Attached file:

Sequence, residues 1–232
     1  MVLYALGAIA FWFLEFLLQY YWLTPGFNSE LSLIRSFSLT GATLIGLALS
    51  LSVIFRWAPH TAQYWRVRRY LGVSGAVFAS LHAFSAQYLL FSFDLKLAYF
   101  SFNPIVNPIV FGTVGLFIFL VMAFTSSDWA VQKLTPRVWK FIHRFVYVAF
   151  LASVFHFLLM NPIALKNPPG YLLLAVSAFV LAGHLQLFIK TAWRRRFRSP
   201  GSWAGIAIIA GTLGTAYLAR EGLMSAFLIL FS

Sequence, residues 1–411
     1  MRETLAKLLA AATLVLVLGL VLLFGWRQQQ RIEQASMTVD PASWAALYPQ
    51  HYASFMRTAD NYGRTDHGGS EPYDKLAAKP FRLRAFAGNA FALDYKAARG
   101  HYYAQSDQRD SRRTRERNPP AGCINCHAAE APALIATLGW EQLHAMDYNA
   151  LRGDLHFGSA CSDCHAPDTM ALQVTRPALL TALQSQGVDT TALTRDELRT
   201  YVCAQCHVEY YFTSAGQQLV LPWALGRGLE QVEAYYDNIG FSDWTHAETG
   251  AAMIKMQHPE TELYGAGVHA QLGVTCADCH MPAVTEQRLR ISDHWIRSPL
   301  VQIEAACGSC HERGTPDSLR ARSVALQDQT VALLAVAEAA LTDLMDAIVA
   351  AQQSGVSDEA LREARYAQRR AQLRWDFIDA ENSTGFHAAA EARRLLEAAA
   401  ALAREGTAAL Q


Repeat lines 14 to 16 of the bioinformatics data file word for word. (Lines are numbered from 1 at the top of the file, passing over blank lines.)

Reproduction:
   301  VQIEAACGSC HERGTPDSLR ARSVALQDQT VALLAVAEAA LTDLMDAIVA
   351  AQQSGVSDEA LREARYAQRR AQLRWDFIDA ENSTGFHAAA EARRLLEAAA
   401  ALAREGTAAL Q